10 More Steps to a Successful (Equity) Crowdfunding Campaign
As a crowdfunding campaign manager at Symbid over the last few years, I see entrepreneurs making the same simple mistakes over and over again when seeking funds from the crowd. So here are 10 (more) steps to crowdfunding success, following last week’s article 10 Steps to a Successful (Equity) Crowdfunding Campaign. A must-read when considering an equity crowdfunding campaign on Symbid or elsewhere!
- Press releases and media coverage: messaging is key
Effective media relations require a delicate touch and an eye for detail – something that some entrepreneurs struggle with. Entrepreneurs want to share too much, with too many people, too early in their campaign. Working hard to get your story published when your campaign only has 9% funding is often a total waste of time. Few people without a personal connection to an entrepreneur invest at such an early stage in a campaign. Simply put, they can’t be sure it will be successful and have little motivation to invest.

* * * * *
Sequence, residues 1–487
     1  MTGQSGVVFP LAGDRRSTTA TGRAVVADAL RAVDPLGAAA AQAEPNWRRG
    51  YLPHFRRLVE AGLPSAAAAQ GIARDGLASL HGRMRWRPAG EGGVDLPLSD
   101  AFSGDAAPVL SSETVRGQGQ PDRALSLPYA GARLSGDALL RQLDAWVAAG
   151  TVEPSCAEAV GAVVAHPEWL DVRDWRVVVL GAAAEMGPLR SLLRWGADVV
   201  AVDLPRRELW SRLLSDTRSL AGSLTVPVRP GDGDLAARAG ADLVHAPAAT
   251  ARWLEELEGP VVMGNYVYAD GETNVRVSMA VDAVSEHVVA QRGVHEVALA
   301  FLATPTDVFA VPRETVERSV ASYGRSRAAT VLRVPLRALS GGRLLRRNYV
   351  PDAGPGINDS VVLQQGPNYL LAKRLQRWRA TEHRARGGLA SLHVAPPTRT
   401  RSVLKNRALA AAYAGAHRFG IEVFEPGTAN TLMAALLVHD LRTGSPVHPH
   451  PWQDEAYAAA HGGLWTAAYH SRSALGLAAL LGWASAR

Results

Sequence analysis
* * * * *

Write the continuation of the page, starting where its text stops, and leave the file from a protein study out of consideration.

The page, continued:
This doesn’t mean you should let an opportunity pass by if it comes at the wrong time. But, if possible, speak to the journalist and try to schedule it for a more appropriate date, link it to an upcoming event, or arrange a second publishing when your campaign has made some progress.
In general, entrepreneurs seem to have a preference for larger titles and national newspapers. Often, however, aiming for a smaller but more specific target audience is far more effective because the conversion rate from reader to investor will be higher. Another common mistake is overestimating the value of your own message both for the media outlet and the reader. Try to think on behalf of the outlet and reader and adjust your message to make it as relevant as possible for them. Has your industry been in the news recently? Does your campaign link to a relevant news story? Does your product solve a problem that people might have experienced personally or read about? Don’t just tell the world about your crowdfunding campaign, but show the world why they should be interested in it.
Do it now: look around you, online and offline, in social media and in the traditional media. What is everybody talking about, why is it considered valuable, is it a hype or a (long-term) trend? Who are the people reading and spreading these messages? Think of three points that link your campaign to current or recent news stories, and begin your press release or media story with these. Greendaddy did this really well, successfully activating the environmentally-conscious community here in the Netherlands through targeted news stories and blog posts.